Divested of excessive self-importance, charity is not bombastic, nor does it belittle or mock. Charity is not brusque, but considerate and civil. Charity does not quarrel for kicks, but simply because truth is urgent in a world of suffering and evil. Prizing truth in all things, charity does not caricature or misrepresent.
Finally, charity is optimistic. It assumes the best of others. It believes and hopes that dialogue will lead to greater peace and justice and human flourishing. And charity endures failures and setbacks, unflagging in its pursuit of the good.
One of the more distasteful rituals in American public life is when, after a political speech or debate, each party’s paid “spin doctors” address the media. Irrespective of their party’s performance, these spin-doctors rehash the feud prejudicially and declare victory. What is so offensive about the spin-doctor is his inability to be honest. No matter how incompetent his employer, he is bound to praise and defend him. The last thing I want to be is a spin-doctor for my convictions, and yet sometimes I find myself tempted.
When we are deeply devoted to something, we are reluctant to give an inch to those who criticize these commitments. As believers, maybe we describe the fulfillment we have found in our faith more glowingly than is our actual experience. Or perhaps, as social advocates, we publicly reject arguments that are actually quite troubling to us. Such dishonesty is a mark not of devotion but of insecurity. One who is truly confident of the truthfulness of her beliefs will be candid about her life and willing to follow arguments wherever they lead.
It can be a healthy exercise to share with one’s critics what it is that most causes us to question our own positions. I personally keep a list of those criticisms of my beliefs that I take to be especially incisive. Honesty is infectious, and such self-disclosure facilitates the kind of vulnerability whereby learning can take place. Specifically, the risk that vulnerability entails lays the foundation for mutual trust.
The Rodeo Clown Fallacy falters into illogic not in virtue ofbeing a false target (straw man, red herring), but by being an everchanging and ever elusive target. That is, it evades logic. Just as thehorns of an argument are about to make their point, some guy in a clownsuit yells, “Yeah, but what about…” This clown is certainly alegitimate target in his own right, but the problem is that there willforever be another rodeo clown ready to distract with a giggly, “Yeah,but what about…,” so no bad ideas ever get gored.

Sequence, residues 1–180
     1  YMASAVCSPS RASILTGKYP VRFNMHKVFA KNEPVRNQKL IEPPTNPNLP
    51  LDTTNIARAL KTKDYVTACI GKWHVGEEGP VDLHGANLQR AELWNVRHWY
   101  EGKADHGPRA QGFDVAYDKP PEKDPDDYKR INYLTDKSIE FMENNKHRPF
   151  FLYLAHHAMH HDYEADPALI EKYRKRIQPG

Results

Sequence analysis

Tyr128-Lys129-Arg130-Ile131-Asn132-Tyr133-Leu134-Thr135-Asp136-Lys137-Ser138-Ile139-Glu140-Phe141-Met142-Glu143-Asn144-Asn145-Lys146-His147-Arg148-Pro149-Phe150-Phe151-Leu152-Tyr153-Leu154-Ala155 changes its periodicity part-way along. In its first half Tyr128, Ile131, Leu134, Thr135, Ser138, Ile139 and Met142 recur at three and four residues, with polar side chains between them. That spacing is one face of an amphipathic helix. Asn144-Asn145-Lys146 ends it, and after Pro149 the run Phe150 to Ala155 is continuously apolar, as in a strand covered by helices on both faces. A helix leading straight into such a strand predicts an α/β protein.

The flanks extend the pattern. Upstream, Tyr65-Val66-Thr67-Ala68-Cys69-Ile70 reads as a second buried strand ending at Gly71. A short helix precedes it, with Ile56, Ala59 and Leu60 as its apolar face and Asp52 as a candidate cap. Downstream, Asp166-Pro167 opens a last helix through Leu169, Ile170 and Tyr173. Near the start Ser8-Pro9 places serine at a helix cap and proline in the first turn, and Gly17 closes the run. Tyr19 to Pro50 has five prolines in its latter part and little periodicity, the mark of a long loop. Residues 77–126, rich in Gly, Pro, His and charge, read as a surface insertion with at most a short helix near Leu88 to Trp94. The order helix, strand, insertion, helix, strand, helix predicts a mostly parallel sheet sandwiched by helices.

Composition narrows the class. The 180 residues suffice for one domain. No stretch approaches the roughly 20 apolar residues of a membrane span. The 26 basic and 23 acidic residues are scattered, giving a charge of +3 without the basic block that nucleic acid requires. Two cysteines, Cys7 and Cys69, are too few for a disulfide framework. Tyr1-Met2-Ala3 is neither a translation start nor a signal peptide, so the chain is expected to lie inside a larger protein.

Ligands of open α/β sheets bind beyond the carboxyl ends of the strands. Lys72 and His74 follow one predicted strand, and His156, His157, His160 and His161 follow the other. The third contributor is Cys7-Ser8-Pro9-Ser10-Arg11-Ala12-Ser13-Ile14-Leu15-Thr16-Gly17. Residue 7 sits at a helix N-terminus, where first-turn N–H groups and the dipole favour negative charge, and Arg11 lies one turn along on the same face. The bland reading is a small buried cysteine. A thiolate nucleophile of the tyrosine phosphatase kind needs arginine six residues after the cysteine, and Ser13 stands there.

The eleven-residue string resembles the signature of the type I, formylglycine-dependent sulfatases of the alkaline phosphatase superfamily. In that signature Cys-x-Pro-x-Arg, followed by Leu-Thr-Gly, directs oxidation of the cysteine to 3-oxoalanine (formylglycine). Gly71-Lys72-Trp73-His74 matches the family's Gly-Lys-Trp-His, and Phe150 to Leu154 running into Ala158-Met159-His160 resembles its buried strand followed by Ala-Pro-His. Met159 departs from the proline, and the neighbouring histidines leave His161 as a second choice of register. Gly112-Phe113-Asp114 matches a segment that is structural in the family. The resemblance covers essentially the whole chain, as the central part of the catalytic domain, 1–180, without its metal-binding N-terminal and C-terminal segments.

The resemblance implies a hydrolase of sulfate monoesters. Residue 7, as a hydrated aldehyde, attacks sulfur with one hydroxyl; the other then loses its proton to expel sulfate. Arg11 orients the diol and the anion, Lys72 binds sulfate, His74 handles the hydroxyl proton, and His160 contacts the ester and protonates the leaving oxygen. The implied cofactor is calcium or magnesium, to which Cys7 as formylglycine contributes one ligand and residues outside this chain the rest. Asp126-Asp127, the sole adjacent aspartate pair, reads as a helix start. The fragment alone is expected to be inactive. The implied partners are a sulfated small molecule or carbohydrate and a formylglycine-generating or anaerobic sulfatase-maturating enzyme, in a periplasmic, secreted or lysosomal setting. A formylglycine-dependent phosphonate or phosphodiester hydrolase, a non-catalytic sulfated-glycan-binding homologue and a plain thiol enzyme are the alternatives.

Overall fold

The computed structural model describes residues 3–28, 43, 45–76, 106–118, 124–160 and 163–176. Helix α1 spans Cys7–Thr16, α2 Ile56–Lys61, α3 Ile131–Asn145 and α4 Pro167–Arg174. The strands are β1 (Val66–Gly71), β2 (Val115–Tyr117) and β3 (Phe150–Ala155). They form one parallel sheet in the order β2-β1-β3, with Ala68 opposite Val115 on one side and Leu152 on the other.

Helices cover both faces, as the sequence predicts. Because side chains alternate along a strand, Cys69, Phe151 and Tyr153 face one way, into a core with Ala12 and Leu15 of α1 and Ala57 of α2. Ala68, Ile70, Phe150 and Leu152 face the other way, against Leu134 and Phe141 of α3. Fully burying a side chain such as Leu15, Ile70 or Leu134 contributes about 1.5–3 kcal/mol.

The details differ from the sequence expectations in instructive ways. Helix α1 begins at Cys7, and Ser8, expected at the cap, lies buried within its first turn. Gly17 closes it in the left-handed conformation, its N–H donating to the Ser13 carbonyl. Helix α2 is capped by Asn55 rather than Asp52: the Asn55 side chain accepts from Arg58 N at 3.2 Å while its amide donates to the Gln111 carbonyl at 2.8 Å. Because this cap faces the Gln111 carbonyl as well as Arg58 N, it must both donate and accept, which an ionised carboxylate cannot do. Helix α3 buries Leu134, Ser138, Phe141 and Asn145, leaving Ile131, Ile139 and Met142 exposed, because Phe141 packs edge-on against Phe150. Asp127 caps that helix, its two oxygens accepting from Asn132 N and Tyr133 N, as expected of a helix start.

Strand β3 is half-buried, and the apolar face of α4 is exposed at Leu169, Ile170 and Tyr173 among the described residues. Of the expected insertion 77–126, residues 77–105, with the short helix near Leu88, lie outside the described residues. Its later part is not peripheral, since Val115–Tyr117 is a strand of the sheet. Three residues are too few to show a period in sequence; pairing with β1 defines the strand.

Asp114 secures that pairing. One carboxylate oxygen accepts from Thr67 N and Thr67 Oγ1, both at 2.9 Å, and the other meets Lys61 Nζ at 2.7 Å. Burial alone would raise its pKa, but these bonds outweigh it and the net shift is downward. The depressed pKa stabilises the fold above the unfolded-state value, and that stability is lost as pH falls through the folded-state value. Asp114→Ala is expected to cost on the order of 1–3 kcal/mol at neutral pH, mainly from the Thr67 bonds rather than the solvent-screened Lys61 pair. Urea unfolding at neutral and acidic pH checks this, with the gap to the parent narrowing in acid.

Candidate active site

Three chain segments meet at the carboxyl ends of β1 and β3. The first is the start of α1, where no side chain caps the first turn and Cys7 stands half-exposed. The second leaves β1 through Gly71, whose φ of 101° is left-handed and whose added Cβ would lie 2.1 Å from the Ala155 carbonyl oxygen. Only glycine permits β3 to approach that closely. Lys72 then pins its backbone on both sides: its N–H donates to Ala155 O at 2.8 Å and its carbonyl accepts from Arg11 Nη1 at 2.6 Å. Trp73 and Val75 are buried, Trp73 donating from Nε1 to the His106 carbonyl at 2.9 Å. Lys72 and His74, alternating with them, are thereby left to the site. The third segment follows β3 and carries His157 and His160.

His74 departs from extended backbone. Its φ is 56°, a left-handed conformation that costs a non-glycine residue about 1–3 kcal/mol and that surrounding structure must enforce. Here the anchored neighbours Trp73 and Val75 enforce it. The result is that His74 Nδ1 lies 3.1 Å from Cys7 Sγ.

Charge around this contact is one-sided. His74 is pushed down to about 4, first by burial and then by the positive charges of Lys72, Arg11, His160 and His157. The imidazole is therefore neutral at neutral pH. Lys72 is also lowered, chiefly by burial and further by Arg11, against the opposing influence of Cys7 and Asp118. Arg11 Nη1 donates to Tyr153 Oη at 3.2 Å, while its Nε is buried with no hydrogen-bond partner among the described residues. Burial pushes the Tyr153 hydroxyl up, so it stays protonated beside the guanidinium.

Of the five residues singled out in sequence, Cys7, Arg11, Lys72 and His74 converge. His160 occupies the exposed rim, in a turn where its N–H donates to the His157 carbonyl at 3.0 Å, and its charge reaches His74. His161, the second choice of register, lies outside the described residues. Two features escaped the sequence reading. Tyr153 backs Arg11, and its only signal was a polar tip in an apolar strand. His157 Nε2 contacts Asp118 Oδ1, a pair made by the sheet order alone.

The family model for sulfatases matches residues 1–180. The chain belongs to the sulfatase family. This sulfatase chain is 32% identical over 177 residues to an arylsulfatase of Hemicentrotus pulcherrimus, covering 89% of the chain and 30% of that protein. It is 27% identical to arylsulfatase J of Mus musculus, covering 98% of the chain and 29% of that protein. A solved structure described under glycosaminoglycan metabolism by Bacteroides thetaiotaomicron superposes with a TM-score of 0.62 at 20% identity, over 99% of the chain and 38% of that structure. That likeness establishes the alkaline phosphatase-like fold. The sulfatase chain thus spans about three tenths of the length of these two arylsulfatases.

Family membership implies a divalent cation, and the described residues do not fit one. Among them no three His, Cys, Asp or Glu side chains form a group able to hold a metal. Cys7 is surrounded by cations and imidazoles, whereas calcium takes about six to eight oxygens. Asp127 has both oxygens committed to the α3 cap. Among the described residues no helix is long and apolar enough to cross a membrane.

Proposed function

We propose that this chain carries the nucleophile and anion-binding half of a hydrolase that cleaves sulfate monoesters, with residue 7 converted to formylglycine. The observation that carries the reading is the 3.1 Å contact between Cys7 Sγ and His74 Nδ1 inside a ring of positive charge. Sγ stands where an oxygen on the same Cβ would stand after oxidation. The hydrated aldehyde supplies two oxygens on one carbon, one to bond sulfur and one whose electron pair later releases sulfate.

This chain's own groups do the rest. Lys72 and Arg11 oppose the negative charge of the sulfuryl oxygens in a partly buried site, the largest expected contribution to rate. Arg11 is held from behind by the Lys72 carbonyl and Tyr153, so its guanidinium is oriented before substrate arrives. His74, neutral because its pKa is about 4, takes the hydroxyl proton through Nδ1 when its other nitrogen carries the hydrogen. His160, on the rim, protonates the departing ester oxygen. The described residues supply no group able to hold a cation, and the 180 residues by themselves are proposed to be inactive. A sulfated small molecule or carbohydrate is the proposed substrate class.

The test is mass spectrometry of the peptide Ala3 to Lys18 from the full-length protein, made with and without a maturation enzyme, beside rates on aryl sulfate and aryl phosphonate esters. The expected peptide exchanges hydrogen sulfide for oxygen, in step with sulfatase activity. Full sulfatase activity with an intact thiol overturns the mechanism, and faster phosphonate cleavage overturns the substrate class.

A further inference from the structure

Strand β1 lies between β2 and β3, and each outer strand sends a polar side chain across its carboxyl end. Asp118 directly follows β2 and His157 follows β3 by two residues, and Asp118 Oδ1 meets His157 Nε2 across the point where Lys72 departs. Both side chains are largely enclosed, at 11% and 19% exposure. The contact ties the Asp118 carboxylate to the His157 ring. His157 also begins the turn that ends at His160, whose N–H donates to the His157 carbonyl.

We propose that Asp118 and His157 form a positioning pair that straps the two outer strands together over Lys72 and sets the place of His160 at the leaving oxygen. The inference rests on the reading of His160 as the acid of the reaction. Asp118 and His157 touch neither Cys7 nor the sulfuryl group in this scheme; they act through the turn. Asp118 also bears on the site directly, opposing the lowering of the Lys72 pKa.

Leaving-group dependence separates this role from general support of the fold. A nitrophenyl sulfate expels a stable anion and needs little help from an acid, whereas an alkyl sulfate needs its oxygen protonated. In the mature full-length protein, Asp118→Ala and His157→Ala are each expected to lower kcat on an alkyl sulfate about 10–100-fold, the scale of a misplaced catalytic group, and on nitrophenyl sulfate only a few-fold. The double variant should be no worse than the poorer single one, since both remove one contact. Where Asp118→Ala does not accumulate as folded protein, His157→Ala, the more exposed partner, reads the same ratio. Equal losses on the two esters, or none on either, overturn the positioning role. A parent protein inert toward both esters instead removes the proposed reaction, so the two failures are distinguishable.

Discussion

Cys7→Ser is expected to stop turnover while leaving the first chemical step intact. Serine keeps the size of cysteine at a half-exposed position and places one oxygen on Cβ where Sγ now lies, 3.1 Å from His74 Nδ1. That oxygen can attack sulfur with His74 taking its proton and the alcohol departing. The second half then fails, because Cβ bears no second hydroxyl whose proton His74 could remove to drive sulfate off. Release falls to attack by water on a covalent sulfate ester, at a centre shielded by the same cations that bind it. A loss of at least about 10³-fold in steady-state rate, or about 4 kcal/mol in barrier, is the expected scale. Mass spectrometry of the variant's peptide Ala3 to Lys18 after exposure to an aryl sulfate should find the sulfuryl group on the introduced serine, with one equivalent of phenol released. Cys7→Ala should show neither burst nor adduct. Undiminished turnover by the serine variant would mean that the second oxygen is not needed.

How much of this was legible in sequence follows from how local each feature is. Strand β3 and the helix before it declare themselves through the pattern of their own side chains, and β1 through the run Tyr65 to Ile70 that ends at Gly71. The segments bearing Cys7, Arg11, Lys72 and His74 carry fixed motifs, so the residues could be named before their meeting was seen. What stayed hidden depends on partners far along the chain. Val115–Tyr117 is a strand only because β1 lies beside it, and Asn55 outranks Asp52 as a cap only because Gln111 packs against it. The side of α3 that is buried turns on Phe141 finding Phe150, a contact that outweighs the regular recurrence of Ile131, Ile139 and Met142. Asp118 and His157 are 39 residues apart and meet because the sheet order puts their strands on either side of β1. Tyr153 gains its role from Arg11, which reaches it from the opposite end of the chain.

Don’t get me wrong. In many cases, rabbit trails are unassailable. They’ve rescued many a dull conversation. But at the same time, following the forks in an argument can derail the force of reason before conclusions are reached. In fact, it is exactly at these junctures, when we feel up against the ropes, that we are most likely to inject, “Yeah, but what about…” (This rhetorical device needs to be canonized as something like, “The Rodeo Clown Fallacy” or “Whack-a-Mole Fallacy”.) Instead, it is better to pause and note what the preceding line of argument has established, and perhaps take it to its logical conclusion before moving on.
It has been suggested that one should internalize a practice of “seeking to understand before seeking to be understood.” This advice is excellent. There are many ways to follow this advice, the first being to listen instead of talk. It is not a bad idea to start any dialogue by asking a range of questions that reveal the specific beliefs of one’s conversees. This guards against the danger of ascribing to them stereotypical beliefs and attitudes that they do not hold. If possible, we should read the essential texts that advocate the positions we are seeking to understand. We might also attend lectures or services in which these positions are presented. Most importantly, we should seek out friendly relationships with those with whom we disagree. This step of goodwill is the invaluable ingredient that forces us to be honest about what is at stake.
Straw men, caricatures, and ad hominem arguments take their leave when we befriend living, breathing people.
The chorus of our day, sung loudly and insistently is that, “What you believe may be true for you, but not for me.” This revisioning of the term “truth” is so drastic that it is staggering that it is thought to make any sense at all in the previous sentence. In this new view, truth just is, “whatever one believes about the world.” The slogan amounts to, “What you believe is what you believe.” This truism is correct, but hardly helpful. Aristotle’s definition is in line with our normal use of the term. Truth is, “saying of what is that it is and of what is not that it is not.” Later thinkers described truth as a “correspondence” between our ideas and the world itself. I assume their commonsense definition here.